Cities and towns only have sidewalks in downtown areas. Once you get out of town, there are either no sidewalks at all, or they are the ramp to someone’s carport, or they are obstructed by all kinds of obstacles. Those can be power poles, built-out carports, walls, fences, gates, cars, motorcycles, or uncovered sewers and drains.


Don’t walk, drive!

  1. Gringos are rich

It’s a fact that gringos (any foreigner) are rich, so don’t even try to tell them you’re not. It’s not only the uneducated that have this crazy idea. I’ve seen it happen with judges (22 years of annual alimony raises), with police, at the municipality, in stores, etc. Being fluent in Spanish won’t make any difference.


Always check prices wherever you buy.

  1. Fender bender

Traffic accidents are a waste of time here. Traffic court takes forever, and you might have to go several times. I once had a fender bender in Cahuita and had to drive five times to the Caribbean for nothing. Time no. 6 was online thanks to Covid, but I still had to personally pick up the paperwork for my insurance.


If you can fix it without involving the police and insurance, do it! If not, go with the flow. In my case, I turned every visit into a small vacation in a nice Cahuita beach hotel.

  1. Noisy motorcycles, trucks, and gardeners

Noise is not seen as pollution here. Most motorcycles are dirt bikes, so they’re noisy. Truck drivers Jake Brake, or decompression brake, when driving downhill. Well, we have a lot of hills in Costa Rica and many trucks. Traffic law prohibits those bikes of more than 94 decibels and trucks of 96, but nobody checks them. Gardeners usually start at 7 a.m. and use noisy weed hackers and leaf blowers that can drive you nuts.


Check for hillside roads and noisy traffic before you buy a property in Costa Rica. Install double windows in your bedroom and insulate your bedroom ceiling; it’s cheaper than you think.


  1. Waiting lists at the Caja

If you depend on the CCSS, or Caja, for medical assistance, you might have to get on a waiting list. Some of these lists, depending on what treatment you need, have thousands of people on them, so your next appointment might be in two years.


Become a member of Medismart, they have incredible discounts, and it is very functional. And you can include your pets(s).


  1. Expensive cars

Cars, and their spare parts, are ridiculously expensive because there is a high import tax on luxury goods. Everything is luxury in Costa Rica, says the tax office. With the bad road maintenance, it’s not cheap to keep a car in good shape.


Buy a sturdy, easy-to-keep car or truck in the local market. Make it a common brand, so you’ll never have a shortage of spare parts.

  1. Plumbers and electricians

A good plumber or electrician is very difficult to find. And if you find one, he is too busy to come. If he sees you’re a gringo, or you live in a big house, the price doubles or triples. Then, you’re back to repairing the same thing again a week later.


Become a handyman yourself.

  1. Things break down easily

It’s incredible how easily things break down, even things that are not supposed to. It broke! I mean things like shower heads, toilet flush pumps, kitchen and bathroom faucets, door locks, shutter window mechanisms, pool pumps, water backup pumps, etc. Importers have no obligation to bring spare parts, so they keep bringing new brands, and the spare parts never fit.


Learn how to do a MacGyver

  1. They can’t say no

If you ask a Tico (or Tica) a question, and they don’t know the answer, they’ll come up with one. That’s because they’re very nice and don’t want you to think they’re not, and they can’t say no.

If, for example, you’re looking for an address, and they don’t know where it is, they’ll give you the idea of a direction (which might or not might be correct). In German, they say “immer gerade aus”; just keep going straightOr if you ask where you can find a certain article in the grocery store, they’ll point to one side of the store to give you a more or less idea of where it “might” be.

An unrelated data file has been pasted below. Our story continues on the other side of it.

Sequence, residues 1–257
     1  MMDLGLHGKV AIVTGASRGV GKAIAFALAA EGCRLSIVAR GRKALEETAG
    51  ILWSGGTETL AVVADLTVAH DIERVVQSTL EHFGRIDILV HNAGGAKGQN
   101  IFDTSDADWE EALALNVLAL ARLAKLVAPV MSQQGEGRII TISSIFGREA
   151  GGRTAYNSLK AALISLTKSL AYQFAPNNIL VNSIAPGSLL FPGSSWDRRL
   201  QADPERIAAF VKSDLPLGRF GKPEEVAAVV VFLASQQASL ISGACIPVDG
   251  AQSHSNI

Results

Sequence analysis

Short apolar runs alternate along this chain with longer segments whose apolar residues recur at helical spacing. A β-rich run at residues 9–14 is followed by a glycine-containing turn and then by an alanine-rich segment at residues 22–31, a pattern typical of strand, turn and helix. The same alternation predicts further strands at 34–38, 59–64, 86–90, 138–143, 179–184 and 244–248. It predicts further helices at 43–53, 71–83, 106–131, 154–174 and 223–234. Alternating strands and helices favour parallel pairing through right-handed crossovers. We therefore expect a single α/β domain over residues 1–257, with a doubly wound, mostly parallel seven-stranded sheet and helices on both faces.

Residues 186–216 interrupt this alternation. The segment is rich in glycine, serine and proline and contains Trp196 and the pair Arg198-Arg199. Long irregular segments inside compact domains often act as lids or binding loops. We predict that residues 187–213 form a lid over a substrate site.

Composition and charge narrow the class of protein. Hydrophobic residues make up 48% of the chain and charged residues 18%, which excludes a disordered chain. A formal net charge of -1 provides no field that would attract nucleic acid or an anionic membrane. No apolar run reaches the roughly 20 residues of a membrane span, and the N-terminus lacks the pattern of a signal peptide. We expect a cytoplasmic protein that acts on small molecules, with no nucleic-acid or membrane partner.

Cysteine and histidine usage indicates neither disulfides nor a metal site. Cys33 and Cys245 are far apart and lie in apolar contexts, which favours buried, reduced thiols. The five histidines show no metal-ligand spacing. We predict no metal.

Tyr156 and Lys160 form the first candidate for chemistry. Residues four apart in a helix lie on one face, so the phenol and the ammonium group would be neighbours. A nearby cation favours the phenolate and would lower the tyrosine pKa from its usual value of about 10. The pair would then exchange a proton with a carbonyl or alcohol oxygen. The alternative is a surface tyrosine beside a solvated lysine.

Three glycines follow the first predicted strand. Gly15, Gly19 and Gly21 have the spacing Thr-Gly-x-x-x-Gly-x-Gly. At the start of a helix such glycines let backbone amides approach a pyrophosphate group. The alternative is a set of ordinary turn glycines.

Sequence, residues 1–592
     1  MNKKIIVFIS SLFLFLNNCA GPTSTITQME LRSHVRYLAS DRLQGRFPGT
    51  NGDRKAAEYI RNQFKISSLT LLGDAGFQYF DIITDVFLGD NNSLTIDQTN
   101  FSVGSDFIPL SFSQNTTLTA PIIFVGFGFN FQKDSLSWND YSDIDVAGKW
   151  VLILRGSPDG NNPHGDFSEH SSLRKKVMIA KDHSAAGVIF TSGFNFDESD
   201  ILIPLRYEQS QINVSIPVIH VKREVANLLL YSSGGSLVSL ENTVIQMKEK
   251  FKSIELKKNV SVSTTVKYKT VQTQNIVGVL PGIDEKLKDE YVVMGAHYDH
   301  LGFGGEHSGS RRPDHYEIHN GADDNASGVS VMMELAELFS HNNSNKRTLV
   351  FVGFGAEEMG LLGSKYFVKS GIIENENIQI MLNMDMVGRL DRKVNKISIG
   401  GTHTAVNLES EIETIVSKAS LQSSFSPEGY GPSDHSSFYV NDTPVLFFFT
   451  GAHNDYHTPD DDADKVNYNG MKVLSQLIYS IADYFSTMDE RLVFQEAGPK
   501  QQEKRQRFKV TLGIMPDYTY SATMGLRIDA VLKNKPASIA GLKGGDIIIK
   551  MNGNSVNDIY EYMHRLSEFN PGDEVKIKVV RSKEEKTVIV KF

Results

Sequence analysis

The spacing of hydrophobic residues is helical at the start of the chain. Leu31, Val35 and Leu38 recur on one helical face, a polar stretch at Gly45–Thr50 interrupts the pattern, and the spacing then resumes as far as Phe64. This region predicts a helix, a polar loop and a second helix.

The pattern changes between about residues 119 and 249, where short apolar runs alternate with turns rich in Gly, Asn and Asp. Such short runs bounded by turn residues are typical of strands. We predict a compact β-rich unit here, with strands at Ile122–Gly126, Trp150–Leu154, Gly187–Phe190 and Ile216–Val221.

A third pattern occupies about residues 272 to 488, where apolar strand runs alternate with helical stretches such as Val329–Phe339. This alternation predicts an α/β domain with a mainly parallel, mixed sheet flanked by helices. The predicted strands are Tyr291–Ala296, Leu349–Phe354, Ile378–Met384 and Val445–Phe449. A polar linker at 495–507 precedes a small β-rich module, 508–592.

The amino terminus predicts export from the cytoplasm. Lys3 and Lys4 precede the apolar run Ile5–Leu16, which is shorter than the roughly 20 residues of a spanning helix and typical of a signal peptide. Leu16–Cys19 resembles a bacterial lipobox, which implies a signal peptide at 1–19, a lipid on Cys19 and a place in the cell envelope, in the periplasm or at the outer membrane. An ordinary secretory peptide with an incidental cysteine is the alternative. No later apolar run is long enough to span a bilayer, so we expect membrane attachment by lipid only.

Double-check any answer you get when asking a question.

  1. Ticos won’t invite you home

Ticos socialize with their family, and you’ll rarely be invited to their home (unless they have lived in another country). You can invite your neighbors and acquaintances 50 times to your barbecues, but they won’t invite you back.


They will feel more comfortable if you invite them for a beer in a bar

24: Expensive import

The cost of living isn’t as cheap as it was. I mean not in the U.S., not in Europe, and not in Costa Rica. To enjoy life in “paradise,” you must realize that we pay high taxes on everything imported.


Go native on your shopping as much as you can. Organize a shopping spree in the U.S. once a year and enjoy the vacation that you’ll save so much on.

  1. Hit-and-run collision

If you get involved in a hit-and-run, even if you have photos as proof, don’t bother to sue unless you have serious damage. You’ll be in court forever


Get insurance.



  1. Bugs

There are bugs everywhere in our beautiful country. We have cockroaches, ants, mosquitoes, flies, and spiders of all sizes. Some scientists estimate that there could be up to 300,000 insect species here. They were here before we were! There are more bugs in the warmer areas than in the cooler ones.


Install screens on windows and doors and fumigate twice a year.

  1. Marketplace

Be aware that if you buy online locally, like on Marketplace or other local platforms, you might be scammed out of your money. If that happens to you, don’t waste your time going to the police, as nothing will happen.


When buying online locally, never pay until you receive and check the merchandise, even if they say they will deliver through the local post office.

  1. Bad parking

Again, road demarcation is ignored in general. Therefore, it’s quite common to see cars using two parking spots. The reason is that most parking spots are too tight, and people worry about not being able to get into their cars when leaving.

The best solution

Park your car facing out.


You can use handicapped parking without a handicapped sticker when you’re over 65.

Many of these cons are, I think, for lack of discipline. The population has grown very fast in the last few years, and a lack of education in sharing space with others creates many problems. I don’t think they do it on purpose; they simply don’t think about it.

I certainly hope these 28 cons of living in Costa Rica won’t stop you from moving here. I think most of these 28 cons are very easy to live with. I’ve lived with them for over 40 years, and I have friends who have done so for over 50 years, so you can too.

Looking to buy a property in Costa Rica? Then hire an expert realtor; we’ve been in business for decades. Visit GoDutch Realty